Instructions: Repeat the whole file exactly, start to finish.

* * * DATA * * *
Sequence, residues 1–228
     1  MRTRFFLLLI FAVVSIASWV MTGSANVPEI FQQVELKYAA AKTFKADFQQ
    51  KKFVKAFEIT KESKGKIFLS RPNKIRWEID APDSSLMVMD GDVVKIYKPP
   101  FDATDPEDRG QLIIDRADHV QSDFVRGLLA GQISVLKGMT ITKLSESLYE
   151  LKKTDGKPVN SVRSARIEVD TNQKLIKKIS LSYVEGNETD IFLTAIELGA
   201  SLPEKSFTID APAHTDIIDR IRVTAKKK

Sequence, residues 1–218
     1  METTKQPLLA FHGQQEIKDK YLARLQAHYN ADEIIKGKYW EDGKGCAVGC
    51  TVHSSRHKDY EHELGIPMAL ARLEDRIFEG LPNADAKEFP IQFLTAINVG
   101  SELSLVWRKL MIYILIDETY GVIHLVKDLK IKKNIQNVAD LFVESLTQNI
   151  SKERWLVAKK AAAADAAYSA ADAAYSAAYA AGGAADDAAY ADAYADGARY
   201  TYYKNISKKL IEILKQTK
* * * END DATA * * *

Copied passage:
Sequence, residues 1–228
     1  MRTRFFLLLI FAVVSIASWV MTGSANVPEI FQQVELKYAA AKTFKADFQQ
    51  KKFVKAFEIT KESKGKIFLS RPNKIRWEID APDSSLMVMD GDVVKIYKPP
   101  FDATDPEDRG QLIIDRADHV QSDFVRGLLA GQISVLKGMT ITKLSESLYE
   151  LKKTDGKPVN SVRSARIEVD TNQKLIKKIS LSYVEGNETD IFLTAIELGA
   201  SLPEKSFTID APAHTDIIDR IRVTAKKK

Sequence, residues 1–218
     1  METTKQPLLA FHGQQEIKDK YLARLQAHYN ADEIIKGKYW EDGKGCAVGC
    51  TVHSSRHKDY EHELGIPMAL ARLEDRIFEG LPNADAKEFP IQFLTAINVG
   101  SELSLVWRKL MIYILIDETY GVIHLVKDLK IKKNIQNVAD LFVESLTQNI
   151  SKERWLVAKK AAAADAAYSA ADAAYSAAYA AGGAADDAAY ADAYADGARY
   201  TYYKNISKKL IEILKQTK